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  1. #1
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    142mm hub on 135mm rear spacing

    Hi,

    I am trying to build up an NS Surge 2 frame, and I was wondering if frames with 135 mm rear dropouts can accommodate a 142mm hub.

    Thanks

  2. #2
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    Nope.

    As the number suggests, 142mm is 7mm wider than the dropouts on your frame. Also the Surge is 135x10mm, so you have to have either normal quick release or 10mm bolt up, 142x12mm simply won't fit.

    If it's a wheel you've already got, check with the manufacturer to see if they sell adapters or a different width axle. Otherwise buy a 135mm quick release rear hub.

  3. #3
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    Thanks for the response fix the spade.

    I was planning on building the wheel set, so now I'm looking at going with the 135x12mm hope hubs with the sun ringle 12-10 step down thru bolt. Do you think there's much benefit to the 12 mm bolt over a 135x10mm hub and a 10mm thru bolt? I guess the difference is the 18 dollars for the axle, but I wouldn't mind too much if it was worth it. Thanks again for the advice, it's much appreciated.

    cheers

  4. #4
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    On a hardtail there's no benefit to a 12mm hub and step down axle, you're better off with a 10mm hub and thru-bolt.

    On a fs bike 12mm makes sense as the axle screws directly into the frame, it joins the ends of the swing arm more securely. Which is good on a swingarm that's not directly attached to the frame and may not be triangulated at all. On a hardtail it makes no difference as the stays are welded to the frame directly, there's not really any chance for flex in that arrangement.

    Also the Surge is a really stiff frame to begin with!

  5. #5
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    That bit about the full suspension cleared things up a lot. It makes sense that a hard tail doesn't need that, lol.

    Thanks Again!

  6. #6
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    If you can machine 3.5mm off each end of the hub axle, it will fit perfectly. The chainline is the same. A 142mm axle is 3.5mm longer to step into the 142mm dropout which has a 3.5mm deep recess. You can also sleeve the 12mm axle to use a 10mm thru-axle.

    It is easier to just start with the right hub, but if you already have the 142 hub, it is possible to use it.

  7. #7
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    Hmm...
    So, if i'll buy 12x142mm rear hub i can use my metal workshop and lathes\milling machines to shorten each side for 3.5mm? And hub will fit into 135mm dropouts?
    Last edited by Dimon Hell; 08-12-2013 at 10:57 AM.

  8. #8
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    Quote Originally Posted by Dimon Hell View Post
    Hmm...
    So, if i'll buy 12x142mm rear hub i can use my metal workshop and lathes\milling machines to shorten each side for 3.5mm? And hub will fit into 135mm dropouts?
    Why would you want to buy a 142mm hub only to machine it down to 135mm, making it permanently a 135 hub? That would simply defeat the purpose of buying a 142 hub.

  9. #9
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    Well, i'm not shure...
    Probably the better way for me - is to buy 10x135mm thru-axle hub...
    I just wanted for more stiff axle on my hardtail, which have 135mm dropouts...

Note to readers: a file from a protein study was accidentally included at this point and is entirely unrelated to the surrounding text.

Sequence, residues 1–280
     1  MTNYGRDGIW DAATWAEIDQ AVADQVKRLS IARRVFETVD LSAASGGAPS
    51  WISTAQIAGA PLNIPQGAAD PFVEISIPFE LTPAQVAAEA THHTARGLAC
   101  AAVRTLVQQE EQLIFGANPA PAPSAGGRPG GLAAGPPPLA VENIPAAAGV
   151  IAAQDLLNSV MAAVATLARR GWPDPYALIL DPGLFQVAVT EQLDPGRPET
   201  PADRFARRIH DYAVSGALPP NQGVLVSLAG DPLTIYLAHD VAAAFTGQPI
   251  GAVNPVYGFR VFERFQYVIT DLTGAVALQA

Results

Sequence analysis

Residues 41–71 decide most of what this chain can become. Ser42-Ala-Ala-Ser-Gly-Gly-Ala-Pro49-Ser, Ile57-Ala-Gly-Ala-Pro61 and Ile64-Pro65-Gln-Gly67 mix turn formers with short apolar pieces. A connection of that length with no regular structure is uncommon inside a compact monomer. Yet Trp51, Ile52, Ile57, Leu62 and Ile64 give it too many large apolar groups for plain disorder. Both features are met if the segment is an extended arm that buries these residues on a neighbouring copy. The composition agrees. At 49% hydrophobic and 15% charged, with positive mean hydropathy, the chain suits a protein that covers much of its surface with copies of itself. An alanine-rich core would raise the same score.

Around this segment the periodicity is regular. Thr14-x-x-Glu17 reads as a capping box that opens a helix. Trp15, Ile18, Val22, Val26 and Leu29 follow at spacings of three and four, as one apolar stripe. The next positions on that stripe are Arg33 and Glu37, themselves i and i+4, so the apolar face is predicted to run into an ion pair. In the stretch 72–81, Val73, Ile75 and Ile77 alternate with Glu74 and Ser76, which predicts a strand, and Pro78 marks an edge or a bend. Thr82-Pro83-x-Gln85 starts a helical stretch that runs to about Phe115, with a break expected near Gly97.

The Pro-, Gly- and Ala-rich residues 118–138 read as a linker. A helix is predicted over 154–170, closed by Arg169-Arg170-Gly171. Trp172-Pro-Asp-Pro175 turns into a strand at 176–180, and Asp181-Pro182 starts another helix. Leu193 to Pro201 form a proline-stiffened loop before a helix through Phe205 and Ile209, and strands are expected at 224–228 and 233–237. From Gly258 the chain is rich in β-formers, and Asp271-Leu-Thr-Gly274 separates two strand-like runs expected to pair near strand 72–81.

10. #10
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    Is this an issue of perceived need because it is available or because you are having some sort of issue with the 135mm. By this I mean, breaking your axles, its flexing back there, etc.

    General comment, stiffness in this area can be confused with spokes not tensioned sufficiently giving rim flex. The frame may be constructed a bit light in the BB area giving the feeling the rear end is moving around a bit. In other words, there are some variables, some you can fix and others you can't.

    Eric
    If I don't make an attempt, how will I know if it will work?

  11. #11
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    142mm hub on 135mm rear spacing

    Quote Originally Posted by Eric Malcolm View Post
    Is this an issue of perceived need because it is available or because you are having some sort of issue with the 135mm. By this I mean, breaking your axles, its flexing back there, etc.

    General comment, stiffness in this area can be confused with spokes not tensioned sufficiently giving rim flex. The frame may be constructed a bit light in the BB area giving the feeling the rear end is moving around a bit. In other words, there are some variables, some you can fix and others you can't.

    Eric
    Agreed. Most hardtail frames gain nothing by changing the axle type or the way it is secured.
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  12. #12
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    Sure they do. They gain ease of operation, and wheel position repeatability. Furthermore, I used to break QR standard Shimano axles regularly. I have never in my life broken either a 10mm through axle, nor a 12mm Maxle, despite having gained 50 lbs, and thrown myself off larger and larger drops.

    Here's what you need


  13. #13
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    142mm hub on 135mm rear spacing

    Quote Originally Posted by BungedUP View Post
    Sure they do. They gain ease of operation, and wheel position repeatability. Furthermore, I used to break QR standard Shimano axles regularly. I have never in my life broken either a 10mm through axle, nor a 12mm Maxle, despite having gained 50 lbs, and thrown myself off larger and larger drops.

    Here's what you need

    If you can not quickly and easily get the wheel in the same position with vertical dropouts and a QR hub you have bigger issues than bikes.

    Suggesting dropouts intended use by frame builders for an existing unknown hardtail frame is just silly.